French theater director Philippe Quesne’s Caspar Western Friedrich is consistent with his own oeuvre and the wider genre of theater. Drawing inspiration from German Romantic painter Caspar David Frierich’s fondness for isolated figures in sprawling landscapes and the archetype of the cowboy (often imagined as a lonesome dude in a wide open space), the show features five cowboys mucking around a painter’s studio and, at times, inside paintings.
The festival positions the work as a melding of genres because it’s a theater director exploring the works of a painter. But the show is solidly theater and there’s nothing wrong with that. While he doesn’t do so much to challenge theater’s conventions, Quesne creates one of the festival’s more satisfying performances that left me wanting to know more about the relationship between his subjects, proving you can challenge an audience without necessarily doing battle with form.
SSSSSSSSSSSS (Hiss It, Don’t Say It) by Lithuanian visual artist Ieva Misevičiūtė unfolds against the backdrop of the Galleries Royal Saint-Hubert (a posh, glass-roofed shopping street in the city center). Sporting a red dress and black and white tights, she performs a solo dance about survival instincts. A crowd gradually gathers as she performs. Elderly couples try to avoid her unpredictably swinging arms as they pass. Shopkeepers occasionally push through with carts full of garbage.
It’s a puzzling work to read, particularly in this space. But as Kristin Idaszak suggests, creative lineage may provide some clues to the artist’s intentions. Misevičiūtė’s background is in circus, specifically clown, so perhaps this should influence our reading of the work. A clown’s performance is fundamentally about watching someone fail, usually over and over. If clowning is an element here, then the show makes more sense. In that case, we’re not supposed to be moved by her eratic dancing in a posh shopping mall. We’re supposed to find it humorous.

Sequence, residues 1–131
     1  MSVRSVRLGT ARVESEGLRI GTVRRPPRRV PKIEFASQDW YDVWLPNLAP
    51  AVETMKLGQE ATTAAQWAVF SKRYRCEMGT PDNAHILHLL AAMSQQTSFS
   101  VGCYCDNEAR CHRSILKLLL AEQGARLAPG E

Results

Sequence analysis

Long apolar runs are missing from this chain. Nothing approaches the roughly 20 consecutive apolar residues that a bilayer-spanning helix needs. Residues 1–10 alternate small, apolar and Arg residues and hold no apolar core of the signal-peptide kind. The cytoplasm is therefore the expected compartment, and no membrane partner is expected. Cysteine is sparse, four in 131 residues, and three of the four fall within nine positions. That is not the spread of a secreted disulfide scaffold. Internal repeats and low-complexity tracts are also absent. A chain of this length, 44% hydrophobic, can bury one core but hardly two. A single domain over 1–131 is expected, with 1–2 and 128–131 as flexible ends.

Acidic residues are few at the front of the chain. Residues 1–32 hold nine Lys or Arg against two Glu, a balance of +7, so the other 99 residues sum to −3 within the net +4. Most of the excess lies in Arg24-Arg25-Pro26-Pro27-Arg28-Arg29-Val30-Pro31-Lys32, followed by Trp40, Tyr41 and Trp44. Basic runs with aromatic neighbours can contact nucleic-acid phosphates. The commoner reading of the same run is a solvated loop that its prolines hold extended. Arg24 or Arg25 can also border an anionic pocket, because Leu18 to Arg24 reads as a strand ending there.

Ivo Dimchev is often referred to as a choreographer. But the Bulgarian artist’s oeuvre includes painting, sculpture, poetry, and music. His dance works often feature more talking than moving (not uncommon in contemporary dance). But he’s chiefly made a name for himself by pushing against the constraints Abramović applies to theatre. His performances make liberal use of his own blood (sometimes by cutting himself, sometimes by drawing it out with a syringe).
Employing these tropes of performance art in the theater has been a big part of his success, and provoked distaste among certain circles that consider him a shock artist. AVOIDING deLIFEeath reverses things, however, bringing elements of his theater making into a performance art context. Presented over six consecutive days for 14 hours at a stretch, audiences can watch Dimchev as he scores music, writes text, paints, and shoots videos.
Durational performance art is not usually intended to be watched beginning to end. Viewers might drop in at different points, witness only the beginning or ending, or not see the work at all, instead experiencing it through the documentation. But with Dimchev, as the hours clicked by, I felt no desire to leave the space. I was totally comfortable being there with him, observing his process.
How you might react to Performatik’s programming, depends on your perspective. Artists of the Abramović lineage would bristle at the inclusion of so obviously theatrical works in an event billing itself as a performance art biennial. But perhaps there’s something to be gained from all of these genres rubbing up against each other in the same context. It may be the friction of these edges causes them to slowly wear down, showing us that individual genres can survive on their own without being absorbed or annihilated by others.
If there’s a lesson to be gained here, it may be that the boundaries between genres of performance are not only artificial, but unnecessary. Instead of standing sentinel, guarding their territories, perhaps performance artists can open their borders and create space for other works to flow in.
Performatik17 continues at various venues throughout Brussels, Belgium through April 4.